Sunday 10 March 2019

Singapore Financial Authorities are Doing too Little and in the Wrong Area

In the past few years, Singapore has seen a wide range of corporate failures of SGX Listed companies. Some of them include delisting after a large unexplained fall in prices, spectacular accounting impairments not seen since Enron, lack of material disclosures and corporate governance issues.

All these is leading to a dearth of IPOs and lack of investor sentiments which has seen the latest IPO only being 1.3x times subscribed. If it is difficult for investors to analysis the financials of a company due to poor accounting and lack of disclosures, they are likely to stay away. This is why regulators are present in every country to ensure rules are in place to ensure transparency and reduce the amount of frauds.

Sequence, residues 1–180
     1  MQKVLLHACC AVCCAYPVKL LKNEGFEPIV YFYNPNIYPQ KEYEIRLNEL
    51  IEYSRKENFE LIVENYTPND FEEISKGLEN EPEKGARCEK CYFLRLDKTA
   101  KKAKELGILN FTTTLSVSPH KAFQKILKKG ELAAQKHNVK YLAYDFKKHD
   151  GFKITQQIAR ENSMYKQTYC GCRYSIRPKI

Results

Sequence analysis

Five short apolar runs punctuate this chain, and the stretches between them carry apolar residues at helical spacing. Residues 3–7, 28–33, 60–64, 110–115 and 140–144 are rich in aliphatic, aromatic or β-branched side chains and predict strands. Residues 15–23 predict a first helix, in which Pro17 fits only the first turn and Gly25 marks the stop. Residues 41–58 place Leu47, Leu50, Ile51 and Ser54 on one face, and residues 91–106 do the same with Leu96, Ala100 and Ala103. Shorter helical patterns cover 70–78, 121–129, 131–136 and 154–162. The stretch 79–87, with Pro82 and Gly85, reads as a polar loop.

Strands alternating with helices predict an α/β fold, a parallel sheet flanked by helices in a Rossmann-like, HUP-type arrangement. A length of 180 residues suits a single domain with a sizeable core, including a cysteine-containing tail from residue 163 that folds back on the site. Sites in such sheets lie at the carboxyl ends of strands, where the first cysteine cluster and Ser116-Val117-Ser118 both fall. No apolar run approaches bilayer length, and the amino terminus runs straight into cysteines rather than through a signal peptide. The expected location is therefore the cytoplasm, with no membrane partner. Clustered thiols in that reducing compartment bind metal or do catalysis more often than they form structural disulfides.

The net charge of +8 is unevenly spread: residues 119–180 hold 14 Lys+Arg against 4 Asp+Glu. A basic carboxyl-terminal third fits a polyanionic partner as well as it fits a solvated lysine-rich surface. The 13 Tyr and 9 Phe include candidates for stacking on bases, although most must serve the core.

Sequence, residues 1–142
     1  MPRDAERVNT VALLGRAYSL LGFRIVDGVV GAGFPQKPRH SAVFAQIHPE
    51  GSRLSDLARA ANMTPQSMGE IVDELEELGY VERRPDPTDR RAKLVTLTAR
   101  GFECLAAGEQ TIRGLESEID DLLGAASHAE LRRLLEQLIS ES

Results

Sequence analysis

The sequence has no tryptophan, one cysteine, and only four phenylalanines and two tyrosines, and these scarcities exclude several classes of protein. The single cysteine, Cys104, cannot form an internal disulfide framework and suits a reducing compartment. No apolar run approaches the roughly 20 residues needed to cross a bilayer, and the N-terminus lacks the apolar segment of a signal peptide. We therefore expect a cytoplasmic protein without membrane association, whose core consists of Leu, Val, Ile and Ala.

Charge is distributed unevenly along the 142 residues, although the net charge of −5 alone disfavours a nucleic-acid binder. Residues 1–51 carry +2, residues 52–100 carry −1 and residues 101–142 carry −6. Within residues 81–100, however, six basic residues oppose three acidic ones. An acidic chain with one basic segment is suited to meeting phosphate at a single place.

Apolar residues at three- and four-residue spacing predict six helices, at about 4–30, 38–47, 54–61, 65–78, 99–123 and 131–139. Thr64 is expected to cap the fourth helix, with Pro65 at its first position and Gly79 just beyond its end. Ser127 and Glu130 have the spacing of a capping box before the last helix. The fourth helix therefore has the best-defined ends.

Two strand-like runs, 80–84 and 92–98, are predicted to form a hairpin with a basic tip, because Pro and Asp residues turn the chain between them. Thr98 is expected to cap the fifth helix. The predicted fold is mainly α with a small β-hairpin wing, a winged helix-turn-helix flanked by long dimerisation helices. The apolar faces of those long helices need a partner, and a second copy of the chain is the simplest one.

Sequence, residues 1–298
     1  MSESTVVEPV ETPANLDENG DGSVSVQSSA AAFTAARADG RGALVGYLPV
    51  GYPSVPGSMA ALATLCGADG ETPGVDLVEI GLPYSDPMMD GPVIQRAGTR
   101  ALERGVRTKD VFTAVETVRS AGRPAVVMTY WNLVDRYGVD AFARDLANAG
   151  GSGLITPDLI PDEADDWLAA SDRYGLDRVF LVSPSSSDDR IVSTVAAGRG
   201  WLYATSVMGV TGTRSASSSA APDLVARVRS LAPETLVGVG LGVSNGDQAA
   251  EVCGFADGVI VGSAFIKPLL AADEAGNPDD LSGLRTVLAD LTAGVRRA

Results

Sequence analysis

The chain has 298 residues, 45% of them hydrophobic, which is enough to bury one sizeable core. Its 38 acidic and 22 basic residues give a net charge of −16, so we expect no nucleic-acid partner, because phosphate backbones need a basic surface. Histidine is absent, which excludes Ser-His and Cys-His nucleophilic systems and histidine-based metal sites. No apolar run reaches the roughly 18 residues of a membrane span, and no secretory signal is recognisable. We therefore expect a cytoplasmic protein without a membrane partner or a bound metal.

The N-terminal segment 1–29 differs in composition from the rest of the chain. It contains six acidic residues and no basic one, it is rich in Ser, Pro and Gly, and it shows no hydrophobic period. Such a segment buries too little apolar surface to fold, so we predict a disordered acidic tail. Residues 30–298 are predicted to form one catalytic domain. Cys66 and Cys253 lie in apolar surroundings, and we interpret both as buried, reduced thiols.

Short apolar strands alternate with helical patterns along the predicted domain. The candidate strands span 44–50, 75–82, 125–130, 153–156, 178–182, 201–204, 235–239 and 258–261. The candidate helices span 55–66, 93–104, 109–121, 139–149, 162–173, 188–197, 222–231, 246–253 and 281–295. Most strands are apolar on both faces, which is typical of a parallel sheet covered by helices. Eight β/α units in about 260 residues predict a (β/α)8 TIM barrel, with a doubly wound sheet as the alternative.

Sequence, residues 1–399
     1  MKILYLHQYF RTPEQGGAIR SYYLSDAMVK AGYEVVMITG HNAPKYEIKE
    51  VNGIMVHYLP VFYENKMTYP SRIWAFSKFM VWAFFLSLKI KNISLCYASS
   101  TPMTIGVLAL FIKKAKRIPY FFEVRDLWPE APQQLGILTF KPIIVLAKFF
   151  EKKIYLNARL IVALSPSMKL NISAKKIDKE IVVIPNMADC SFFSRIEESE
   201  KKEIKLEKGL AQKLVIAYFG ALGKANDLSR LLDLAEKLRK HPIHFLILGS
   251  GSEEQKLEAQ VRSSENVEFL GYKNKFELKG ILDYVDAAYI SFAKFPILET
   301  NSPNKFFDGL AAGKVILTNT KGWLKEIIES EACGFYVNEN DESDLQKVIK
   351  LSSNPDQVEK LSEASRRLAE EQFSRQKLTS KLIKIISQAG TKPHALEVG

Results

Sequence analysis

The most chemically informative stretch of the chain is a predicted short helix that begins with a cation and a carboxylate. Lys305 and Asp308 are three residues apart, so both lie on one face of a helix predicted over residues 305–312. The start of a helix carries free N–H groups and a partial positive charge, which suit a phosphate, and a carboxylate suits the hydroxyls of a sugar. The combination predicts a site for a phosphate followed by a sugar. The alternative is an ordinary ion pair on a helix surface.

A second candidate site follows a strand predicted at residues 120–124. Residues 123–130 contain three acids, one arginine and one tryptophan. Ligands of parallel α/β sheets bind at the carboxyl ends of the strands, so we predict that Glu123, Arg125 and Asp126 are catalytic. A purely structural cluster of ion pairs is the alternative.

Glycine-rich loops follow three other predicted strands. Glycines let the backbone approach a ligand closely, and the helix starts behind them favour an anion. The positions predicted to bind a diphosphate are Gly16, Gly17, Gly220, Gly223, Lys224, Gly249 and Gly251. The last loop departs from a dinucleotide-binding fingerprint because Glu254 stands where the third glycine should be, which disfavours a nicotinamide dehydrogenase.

Unfortunately, it seems Singapore lacks the above.

Ayondo, the first fintech listed on SGX and probably holds the record for one of the fastest IPO to suspend itself. In March 2018, the company started trading after its IPO at $0.26 per share after approval from SGX and MAS. On the first day itself, the share price fell below its IPO price and went on a downward spiral never to recover again. In Jan 2019, the CEO then resigned after discontentment and disagreement between controlling shareholders, following which it was discovered Ayondo had accounting issues in its financials during the years leading up to its IPO. The company has since suspended itself from trading in Feb 2019- less than 1 year since it IPO'd. Ironically Ayondo is not a local company but has operations only in Europe. Why did SGX and not MAS first ponder over why the company chose Singapore as a listing place instead of European exchanges like London or Germany where its business operations were?